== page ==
Written by Stuart Carolan, and featuring quite probably the best ensemble cast of Irish actors ever assembled for an indigenous drama series, Love/Hate cast a coldly intelligent and often unsparing eye on Dublin’s gangland community. Over five seasons (2010-2014), Murphy played a blinder. As Siobhan, the niece of ambitious gangster kingpin, Nidge (Tom Vaughan-Lawlor), she developed her character from ingénue to scene-stealer with assured incremental steps that travelled from touching to distressing.
“It was a pure gift to come back to every year,” she remarks, signalling that between filming each season of Love/Hate she was busy getting her name and face known outside Ireland in British television series such as Misfits, Ripper Street, The Village and, most notably, Happy Valley. As for Love/Hate, she admits, “the stars aligned for it in so many ways – the writing, the actors and the crew you worked with, but also for the age that I was. Love/Hate ran over five years, and each time I came back to it I became more comfortable in my skin as an actor. Because of that you relax more, and you’re not afraid of trying stuff out.”
Which brings us back to where it all started for Charlie Murphy: theatre. A few years ago, she appeared in Our Few And Evil Days at Dublin’s Abbey Theatre. Written by acclaimed Dublin-based playwright Mark O’Rowe, Murphy’s performance in the ensemble piece (which also featured Ciaran Hinds, Sinead Cusack, and her Love/Hate co-star, Tom Vaughan-Lawlor) was outstanding. (When asked for his thoughts on Murphy, O’Rowe’s reply is commendable: “hard-working, truthful, incredibly skilled, and deeply empathetic as most brilliant actors are. I loved working with her, and would do it again in a heartbeat.”)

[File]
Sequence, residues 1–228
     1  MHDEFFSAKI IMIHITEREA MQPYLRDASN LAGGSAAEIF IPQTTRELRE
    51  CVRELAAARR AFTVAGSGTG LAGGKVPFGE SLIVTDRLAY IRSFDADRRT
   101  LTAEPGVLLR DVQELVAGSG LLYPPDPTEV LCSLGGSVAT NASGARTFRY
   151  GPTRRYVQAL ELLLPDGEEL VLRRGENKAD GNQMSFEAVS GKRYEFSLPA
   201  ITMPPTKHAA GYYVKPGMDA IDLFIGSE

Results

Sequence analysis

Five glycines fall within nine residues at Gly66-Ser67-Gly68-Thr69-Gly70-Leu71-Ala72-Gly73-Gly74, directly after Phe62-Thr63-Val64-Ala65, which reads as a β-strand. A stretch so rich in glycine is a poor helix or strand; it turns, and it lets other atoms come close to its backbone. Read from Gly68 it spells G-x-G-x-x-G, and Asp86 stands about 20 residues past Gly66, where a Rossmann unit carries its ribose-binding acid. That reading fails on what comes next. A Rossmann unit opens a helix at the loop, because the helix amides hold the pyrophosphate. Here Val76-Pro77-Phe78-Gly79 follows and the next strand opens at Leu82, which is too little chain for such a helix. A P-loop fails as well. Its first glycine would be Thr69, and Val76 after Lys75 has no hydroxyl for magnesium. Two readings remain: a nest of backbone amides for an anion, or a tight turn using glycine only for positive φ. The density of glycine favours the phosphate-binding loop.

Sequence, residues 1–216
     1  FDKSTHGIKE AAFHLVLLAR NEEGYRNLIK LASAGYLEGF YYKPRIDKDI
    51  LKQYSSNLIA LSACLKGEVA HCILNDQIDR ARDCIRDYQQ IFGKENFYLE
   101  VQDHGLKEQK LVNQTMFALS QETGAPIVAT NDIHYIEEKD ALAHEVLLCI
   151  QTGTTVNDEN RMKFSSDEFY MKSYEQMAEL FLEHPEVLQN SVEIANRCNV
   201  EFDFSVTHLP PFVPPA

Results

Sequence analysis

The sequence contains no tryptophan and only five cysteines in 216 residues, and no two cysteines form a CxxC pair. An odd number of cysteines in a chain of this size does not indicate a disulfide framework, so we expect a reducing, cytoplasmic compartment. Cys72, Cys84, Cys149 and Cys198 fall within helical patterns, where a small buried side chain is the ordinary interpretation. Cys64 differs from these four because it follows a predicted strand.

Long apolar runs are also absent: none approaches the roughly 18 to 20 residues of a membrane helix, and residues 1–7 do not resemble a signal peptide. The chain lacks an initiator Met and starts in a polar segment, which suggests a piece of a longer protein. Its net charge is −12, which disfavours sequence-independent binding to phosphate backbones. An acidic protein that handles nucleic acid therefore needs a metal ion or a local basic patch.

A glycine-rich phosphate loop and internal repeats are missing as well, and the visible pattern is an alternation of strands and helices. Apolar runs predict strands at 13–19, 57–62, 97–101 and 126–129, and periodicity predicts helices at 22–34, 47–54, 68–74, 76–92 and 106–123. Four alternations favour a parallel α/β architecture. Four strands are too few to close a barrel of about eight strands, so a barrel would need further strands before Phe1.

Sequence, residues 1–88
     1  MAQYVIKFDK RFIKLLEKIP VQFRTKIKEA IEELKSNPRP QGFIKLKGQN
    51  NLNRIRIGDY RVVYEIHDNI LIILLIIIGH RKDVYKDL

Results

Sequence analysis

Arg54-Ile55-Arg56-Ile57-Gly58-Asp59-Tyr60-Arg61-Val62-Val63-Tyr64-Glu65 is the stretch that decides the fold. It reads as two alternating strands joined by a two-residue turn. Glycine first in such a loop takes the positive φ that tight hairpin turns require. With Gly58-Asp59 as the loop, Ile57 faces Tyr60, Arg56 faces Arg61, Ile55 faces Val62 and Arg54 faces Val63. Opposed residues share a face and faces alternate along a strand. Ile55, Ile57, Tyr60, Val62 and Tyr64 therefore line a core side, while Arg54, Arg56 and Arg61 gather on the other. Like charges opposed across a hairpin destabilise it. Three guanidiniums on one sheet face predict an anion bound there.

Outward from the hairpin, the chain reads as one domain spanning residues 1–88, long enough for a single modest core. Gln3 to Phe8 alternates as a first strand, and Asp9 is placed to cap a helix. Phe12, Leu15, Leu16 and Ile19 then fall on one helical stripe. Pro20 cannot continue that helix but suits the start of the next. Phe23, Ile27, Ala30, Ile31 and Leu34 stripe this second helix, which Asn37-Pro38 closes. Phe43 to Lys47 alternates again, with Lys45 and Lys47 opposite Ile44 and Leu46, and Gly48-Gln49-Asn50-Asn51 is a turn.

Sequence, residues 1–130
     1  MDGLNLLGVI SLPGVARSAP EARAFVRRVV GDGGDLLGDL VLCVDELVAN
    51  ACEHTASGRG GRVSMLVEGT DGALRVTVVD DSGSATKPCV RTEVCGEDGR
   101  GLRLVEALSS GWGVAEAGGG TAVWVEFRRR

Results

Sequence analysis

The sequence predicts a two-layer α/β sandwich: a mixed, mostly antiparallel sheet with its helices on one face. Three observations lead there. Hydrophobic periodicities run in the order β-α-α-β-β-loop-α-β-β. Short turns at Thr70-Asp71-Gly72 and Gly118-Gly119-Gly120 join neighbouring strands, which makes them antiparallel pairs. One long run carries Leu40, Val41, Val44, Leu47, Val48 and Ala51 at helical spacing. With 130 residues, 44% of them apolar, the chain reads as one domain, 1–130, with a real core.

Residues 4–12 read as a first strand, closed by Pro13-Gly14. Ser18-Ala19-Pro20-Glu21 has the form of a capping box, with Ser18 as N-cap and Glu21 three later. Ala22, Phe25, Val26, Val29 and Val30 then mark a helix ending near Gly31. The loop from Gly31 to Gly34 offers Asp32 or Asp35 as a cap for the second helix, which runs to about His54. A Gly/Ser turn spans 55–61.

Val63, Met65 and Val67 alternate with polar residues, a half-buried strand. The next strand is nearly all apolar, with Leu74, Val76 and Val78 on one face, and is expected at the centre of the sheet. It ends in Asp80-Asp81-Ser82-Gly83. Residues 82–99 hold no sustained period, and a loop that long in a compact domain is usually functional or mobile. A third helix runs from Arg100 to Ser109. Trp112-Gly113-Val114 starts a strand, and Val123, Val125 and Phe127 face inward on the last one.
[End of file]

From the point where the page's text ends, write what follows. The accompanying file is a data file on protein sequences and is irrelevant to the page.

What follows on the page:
“Mark and Enda Walsh are my theatre heroes,” she declares, adding that O’Rowe’s Terminus, and Walsh’s Walworth Farce and Disco Pigs are “absolute favourites. I adore the writing, so being drawn to the weird, wonderful and dark is a given. There’s always humour there, too, which is another major appeal.”
Murphy is set to continue her exploration of weird, wonderful, dark and funny this month – she features, with Irish actor, Hugh O’Connor, in the debut Dublin production of Enda Walsh’s Arlington (A Love Story) in the Abbey Theatre. Asking about its storyline proves fruitless, but she captures the essence of it, perhaps, when she describes it as a typical Enda Walsh mindscape – “where you’re thrown into a bizarre world that can be treacherously dark, but at the same time has pockets of absolutely heart-breaking beauty.”
There is, of course, work that will be rolled out later this year – Murphy appears with Pierce Brosnan and Jackie Chan in The Foreigner. And she has latterly gained further praise for her work in the recently broadcast BBC television movie, To Walk Invisible, a robust biographical account of part of the lives of the Brontë sisters.
Famous movie stars, award-winning work, ticking off bucket list jobs – is she now totally spoiled for choice? Charlie Murphy touches the wooden leg of her chair, the wooden tabletop, my head (actually, no, not my head). “Well, you never want to jinx anything, do you?!”
(This is an updated version of the feature article, which originally appeared in Aer Lingus in-flight magazine, Cara, July 2016.)